Chronicling the creative process for Pop Zeus, the forthcoming Guided By Voices/Bob Pollard tribute comic- including sketches, concepts, finished art and whatever else is in my brain at the moment.

Wednesday, July 12, 2006

Killing Yourself To Live

Man, I didn't get enough sleep last night! In spite of my foggy head, I would really like to post my review for Chuck Klosterman's latest Killing Yourself To Live before I forget the details. Plus, it couldn't be a more appropriate subject with the passing of Syd Barrett last Friday. Read entirely during my flight back home for the Pearl Jam/Robert Pollard show, the book neatly paralleled the rock and roll journey I was embarking upon. And it's funny, I was totally unaware of that connection between Klosterman's travels and my own until well into the book.

Superficially, Killing Yourself To Live centers around a rental car roadtrip writing assignment for Spin magazine. Visiting not the grave sites of various dead rock stars, but their actual death sites (the location where Lynyrd Skynyrd's plane crashed, Sid Vicious murdered Nancy Spungen, Cobain blew his head off, etc.) Chuck hopes to grasp some sort of vague truth about how self-destruction, death, rock and fame are intertwined. It's a subject he touched on briefly in Fargo Rock City- a rant against the rising popularity of Nirvana in the wake of Kurt Cobain's suicide. But here, the idea is not only more fully explored but somehow along the way Klosterman's own personal life gets mixed up in it. And the journey becomes about much more than 'The Day The Music Died' for both reader and author.

A while back, I poured through Klosterman's first book Fargo Rock City and posted a review- partly just for shits and giggles and partly as another source of rawk inspiration for Pop Zeus. And I instantly found his writing both enjoyable and relatable. Granted, my youth on the suburban Jersey Shore was profoundly different from his North Dakota farm life. And I've never been a hair metal fan (Guns N' Roses was about as close as I got). But still, as a fellow pop-culturally saturated generic white Gen-Xer (haven't used that term to describe myself in a long time) born in the very same year, I felt a kinship with Klosterman's point of view. And that feeling is more pronounced after having read Killing Yourself To Live- a far weightier and more personal book than the previous.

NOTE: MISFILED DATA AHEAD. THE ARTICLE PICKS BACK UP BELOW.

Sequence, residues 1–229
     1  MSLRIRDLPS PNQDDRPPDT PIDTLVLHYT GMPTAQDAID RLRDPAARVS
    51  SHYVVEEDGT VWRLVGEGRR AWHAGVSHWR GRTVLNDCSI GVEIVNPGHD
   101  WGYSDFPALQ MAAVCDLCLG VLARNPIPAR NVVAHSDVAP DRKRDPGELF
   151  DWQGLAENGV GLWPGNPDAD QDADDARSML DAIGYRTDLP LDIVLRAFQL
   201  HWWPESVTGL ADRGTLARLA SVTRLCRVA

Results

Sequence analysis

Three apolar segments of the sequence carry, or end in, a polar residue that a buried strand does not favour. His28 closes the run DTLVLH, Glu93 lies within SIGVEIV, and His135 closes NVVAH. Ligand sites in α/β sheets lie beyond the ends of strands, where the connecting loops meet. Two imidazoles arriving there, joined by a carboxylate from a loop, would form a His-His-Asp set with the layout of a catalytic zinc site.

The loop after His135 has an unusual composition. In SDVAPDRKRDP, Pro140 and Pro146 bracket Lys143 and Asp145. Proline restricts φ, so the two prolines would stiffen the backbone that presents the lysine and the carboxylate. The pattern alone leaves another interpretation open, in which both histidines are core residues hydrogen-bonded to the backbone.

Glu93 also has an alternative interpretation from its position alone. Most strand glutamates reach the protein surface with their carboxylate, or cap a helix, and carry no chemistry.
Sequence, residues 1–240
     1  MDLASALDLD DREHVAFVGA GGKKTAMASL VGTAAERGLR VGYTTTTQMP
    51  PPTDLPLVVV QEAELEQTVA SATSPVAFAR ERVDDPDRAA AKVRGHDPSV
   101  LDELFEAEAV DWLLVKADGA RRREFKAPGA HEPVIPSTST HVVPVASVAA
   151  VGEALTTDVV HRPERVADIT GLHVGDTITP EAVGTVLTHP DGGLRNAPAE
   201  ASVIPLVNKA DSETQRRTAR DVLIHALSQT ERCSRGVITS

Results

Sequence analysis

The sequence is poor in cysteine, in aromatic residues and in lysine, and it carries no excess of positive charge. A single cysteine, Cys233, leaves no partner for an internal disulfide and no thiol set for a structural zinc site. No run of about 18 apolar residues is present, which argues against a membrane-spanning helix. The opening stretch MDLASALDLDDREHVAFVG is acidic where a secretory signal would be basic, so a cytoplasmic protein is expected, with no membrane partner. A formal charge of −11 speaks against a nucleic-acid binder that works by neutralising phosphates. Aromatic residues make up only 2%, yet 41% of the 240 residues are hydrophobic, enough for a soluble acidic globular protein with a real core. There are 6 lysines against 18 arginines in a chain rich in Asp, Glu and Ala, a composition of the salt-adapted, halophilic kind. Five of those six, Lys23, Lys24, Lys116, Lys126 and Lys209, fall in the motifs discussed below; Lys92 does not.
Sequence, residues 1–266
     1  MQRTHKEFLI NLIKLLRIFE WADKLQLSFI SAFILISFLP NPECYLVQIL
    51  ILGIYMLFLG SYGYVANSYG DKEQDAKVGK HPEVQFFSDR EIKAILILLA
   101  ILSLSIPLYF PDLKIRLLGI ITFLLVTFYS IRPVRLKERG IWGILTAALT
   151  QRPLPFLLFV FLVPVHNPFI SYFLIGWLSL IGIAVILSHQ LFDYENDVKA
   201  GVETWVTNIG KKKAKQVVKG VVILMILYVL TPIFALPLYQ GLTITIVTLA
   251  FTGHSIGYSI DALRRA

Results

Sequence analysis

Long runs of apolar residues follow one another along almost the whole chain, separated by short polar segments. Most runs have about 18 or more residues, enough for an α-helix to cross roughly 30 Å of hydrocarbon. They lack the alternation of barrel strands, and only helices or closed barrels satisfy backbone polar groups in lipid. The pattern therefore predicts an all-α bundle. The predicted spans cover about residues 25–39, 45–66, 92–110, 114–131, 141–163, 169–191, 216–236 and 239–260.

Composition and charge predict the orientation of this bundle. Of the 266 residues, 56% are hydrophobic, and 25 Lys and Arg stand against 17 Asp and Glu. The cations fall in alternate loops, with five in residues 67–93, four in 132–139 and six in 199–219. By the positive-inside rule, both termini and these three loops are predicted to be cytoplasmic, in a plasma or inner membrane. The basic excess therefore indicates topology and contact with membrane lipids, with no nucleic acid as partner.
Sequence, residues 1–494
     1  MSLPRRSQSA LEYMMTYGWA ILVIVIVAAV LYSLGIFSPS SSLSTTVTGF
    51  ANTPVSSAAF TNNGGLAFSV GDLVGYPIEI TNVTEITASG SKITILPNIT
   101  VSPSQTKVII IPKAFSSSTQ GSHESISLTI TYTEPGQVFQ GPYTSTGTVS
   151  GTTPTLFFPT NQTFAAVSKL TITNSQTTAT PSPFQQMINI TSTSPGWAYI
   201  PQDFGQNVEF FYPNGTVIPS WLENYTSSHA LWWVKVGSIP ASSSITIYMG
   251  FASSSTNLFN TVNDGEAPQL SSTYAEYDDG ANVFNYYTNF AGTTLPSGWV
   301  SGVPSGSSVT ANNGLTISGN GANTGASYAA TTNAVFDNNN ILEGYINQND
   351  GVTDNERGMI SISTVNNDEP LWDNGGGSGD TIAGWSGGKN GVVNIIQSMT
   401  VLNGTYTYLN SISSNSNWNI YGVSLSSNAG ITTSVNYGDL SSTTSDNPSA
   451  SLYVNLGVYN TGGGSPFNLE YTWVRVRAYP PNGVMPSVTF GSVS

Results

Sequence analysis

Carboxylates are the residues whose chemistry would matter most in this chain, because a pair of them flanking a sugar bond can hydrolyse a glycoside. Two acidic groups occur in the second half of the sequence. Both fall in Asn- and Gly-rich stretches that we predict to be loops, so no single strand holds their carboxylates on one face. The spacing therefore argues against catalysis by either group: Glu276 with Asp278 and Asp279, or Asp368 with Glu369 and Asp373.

Using the business trip as an covert excuse to reconnect with past and present girlfriends, the heart and soul of Killing Yourself To Live is revealed. Klosterman speaks very frankly and passionately about the women in his life- memorably likening them to the KISS lineup! It is in those candid glimpses that the book moves beyond the extended riffs on pop culture and into more meaningful territory. And the skillful counterbalance between those two elements is what fundamentally makes Klosterman's work so dynamic and gratifying.

Killing Yourself To Live is ultimately a very touching read- a thoughtful treatise on love and loss, what it means to be young and navigating through the ups and downs of life. It also begs the question of what it means to be a rock musician that didn't burn out and fade away, like Robert Pollard and the members of Guided By Voices. And for me, the book was a step far above and beyond the already quite wonderful Fargo Rock City. Consider me an official Chuck Klosterman fan- already picked up the one I missed "Sex, Drugs And Cocoa Puffs" and am totally looking forward to jumping in.

Take it easy everyone!


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